God Is Not Chewy
There are many things that God is not. And chewy is one of them.
No, I’m not referring to this well-beloved Star Wars character.
Although that’s true; God is definitely not Chewbacca.
It may seem silly, but I whole-heartedly affirm that God is not chewy.
By saying that God is not chewy I am doing what’s called apophatic theology. This is the type of theology that expresses what God is not, rather than expressing what God is. Or, since the ontology implicit in the previous sentence is more amenable to Western theology—whereas it is the Orthodox who champion this method of theology—we might prefer to say that apophatic theology expresses what is not true about God rather than asserting what is true about God. For instance, apophatic statements about God that most Christians generally affirm are such denials as, God is Uncreated, Unchanging, and Infinite. This way of doing theology communicates the mystery of God and keeps us humans from ever assuming that we can put God in a box.
So how do I know that God is not chewy? The same way that I know anything about God—through his revelation. Cataphatic theology—the sort of theology that does affirm things that are true about God—enables us to say precisely, from revelation, why God is not chewy. The reason is obviously because God is Spirit (John 4.24) and thus the immanent Trinity (God in himself) is not chewy (let’s leave the incarnation alone for now).
Now, I do not entertain this idea of God and chewiness for giggles. I am not interested in the possibility of theomastication or, in proper apophatic manner, denying it. Rather, I am concerned to make one point clear: whatever we affirm or deny about God must come from his revelation. We are not playing Build-A-Bear with theology and we don’t have the luxury of making things up as we go along. If there’s something we don’t like, we cannot change it.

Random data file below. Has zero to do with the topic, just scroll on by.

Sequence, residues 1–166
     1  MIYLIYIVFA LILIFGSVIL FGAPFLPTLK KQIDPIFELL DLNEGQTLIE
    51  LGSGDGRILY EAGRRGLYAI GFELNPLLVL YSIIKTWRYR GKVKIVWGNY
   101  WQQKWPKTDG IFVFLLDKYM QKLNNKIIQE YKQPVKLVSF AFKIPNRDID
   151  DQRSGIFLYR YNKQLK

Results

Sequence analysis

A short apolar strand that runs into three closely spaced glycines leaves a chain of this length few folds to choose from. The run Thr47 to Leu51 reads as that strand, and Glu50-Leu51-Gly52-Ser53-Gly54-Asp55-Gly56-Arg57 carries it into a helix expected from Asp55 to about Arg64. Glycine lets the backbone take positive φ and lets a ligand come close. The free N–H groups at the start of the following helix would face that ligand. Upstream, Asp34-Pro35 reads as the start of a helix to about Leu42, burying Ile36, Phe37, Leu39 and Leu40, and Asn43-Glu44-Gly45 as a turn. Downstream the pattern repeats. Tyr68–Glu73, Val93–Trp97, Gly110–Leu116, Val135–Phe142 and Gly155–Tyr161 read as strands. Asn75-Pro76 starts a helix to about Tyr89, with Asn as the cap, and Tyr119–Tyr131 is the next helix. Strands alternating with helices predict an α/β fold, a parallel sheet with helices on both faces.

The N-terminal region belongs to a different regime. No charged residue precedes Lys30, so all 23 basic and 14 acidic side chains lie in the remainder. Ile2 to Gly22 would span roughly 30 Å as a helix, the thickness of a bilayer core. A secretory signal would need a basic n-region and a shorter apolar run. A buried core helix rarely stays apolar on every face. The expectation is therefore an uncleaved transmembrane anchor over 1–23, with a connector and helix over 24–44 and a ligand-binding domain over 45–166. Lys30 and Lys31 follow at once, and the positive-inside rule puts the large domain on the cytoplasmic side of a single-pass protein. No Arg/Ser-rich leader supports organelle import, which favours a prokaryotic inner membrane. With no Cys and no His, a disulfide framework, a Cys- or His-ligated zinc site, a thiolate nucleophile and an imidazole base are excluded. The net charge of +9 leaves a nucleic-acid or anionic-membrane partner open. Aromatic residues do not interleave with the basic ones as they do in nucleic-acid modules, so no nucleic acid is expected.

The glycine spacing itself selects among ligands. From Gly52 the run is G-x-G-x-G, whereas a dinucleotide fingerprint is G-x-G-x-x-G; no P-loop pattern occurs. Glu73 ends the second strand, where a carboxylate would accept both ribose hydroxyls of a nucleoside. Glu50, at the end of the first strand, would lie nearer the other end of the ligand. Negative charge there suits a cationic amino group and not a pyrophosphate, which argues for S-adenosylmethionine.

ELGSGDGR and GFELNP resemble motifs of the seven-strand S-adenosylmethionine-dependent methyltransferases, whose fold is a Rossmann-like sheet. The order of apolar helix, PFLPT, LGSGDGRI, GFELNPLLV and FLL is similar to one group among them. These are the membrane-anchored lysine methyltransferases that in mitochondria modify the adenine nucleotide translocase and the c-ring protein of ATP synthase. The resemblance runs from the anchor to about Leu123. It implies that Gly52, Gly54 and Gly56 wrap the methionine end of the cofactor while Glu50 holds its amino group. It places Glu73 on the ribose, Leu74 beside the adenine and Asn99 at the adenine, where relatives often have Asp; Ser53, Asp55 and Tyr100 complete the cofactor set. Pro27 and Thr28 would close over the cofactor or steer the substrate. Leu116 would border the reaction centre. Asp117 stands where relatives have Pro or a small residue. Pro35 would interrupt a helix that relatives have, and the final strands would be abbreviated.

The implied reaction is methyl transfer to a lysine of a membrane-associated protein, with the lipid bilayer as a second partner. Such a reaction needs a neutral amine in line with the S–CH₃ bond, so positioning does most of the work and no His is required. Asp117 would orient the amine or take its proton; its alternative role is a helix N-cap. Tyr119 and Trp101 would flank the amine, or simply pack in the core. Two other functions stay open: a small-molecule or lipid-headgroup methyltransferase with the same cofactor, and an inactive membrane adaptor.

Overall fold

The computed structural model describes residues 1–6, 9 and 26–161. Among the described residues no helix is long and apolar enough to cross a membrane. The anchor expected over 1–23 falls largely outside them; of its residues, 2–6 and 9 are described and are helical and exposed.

We must worship God for who he is, not for who we want him to be. And this brings me to the heart of this post: The PCUSA, most of you will have heard, recently decided to omit the contemporary hymn, “In Christ Alone” (written by Keith Getty and Stuart Townend) from its hymnal, due to its lyrics about God’s wrath being satisfied on the cross of Christ. You can read about it here. The committee wanted to change the line, “the wrath of God was satisfied,” into, “the love of God was magnified,” but the writers of the song would not approve. The issue the committee claims they have with the hymn is not God’s wrath, per se, but the cross as a display of it. This news is not really new. In ways both big and small contemporary Christians find ways to undermine God’s wrath. Bifurcating God’s wrath from the cross raises the question of whether God is truly wrathful against sin, which makes one wonder why he’s wrathful at all. . .
A. W. Tozer wrote in the introduction to his Knowledge of the Holy that idolatry was fundamentally about entertaining any thought about God that is unworthy of him. Tozer had in mind what we might call cataphatic idolatry; I believe the denial of God’s wrath is the apophatic sort.
God is not chewy, and for many, he’s not palatable either.